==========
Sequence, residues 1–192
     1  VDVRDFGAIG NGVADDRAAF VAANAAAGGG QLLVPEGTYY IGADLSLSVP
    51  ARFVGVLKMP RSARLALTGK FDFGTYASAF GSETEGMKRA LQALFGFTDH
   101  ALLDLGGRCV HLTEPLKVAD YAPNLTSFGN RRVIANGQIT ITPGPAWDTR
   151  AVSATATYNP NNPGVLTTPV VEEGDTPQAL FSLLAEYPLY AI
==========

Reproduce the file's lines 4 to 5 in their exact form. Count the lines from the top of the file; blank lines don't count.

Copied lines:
   101  ALLDLGGRCV HLTEPLKVAD YAPNLTSFGN RRVIANGQIT ITPGPAWDTR
   151  AVSATATYNP NNPGVLTTPV VEEGDTPQAL FSLLAEYPLY AI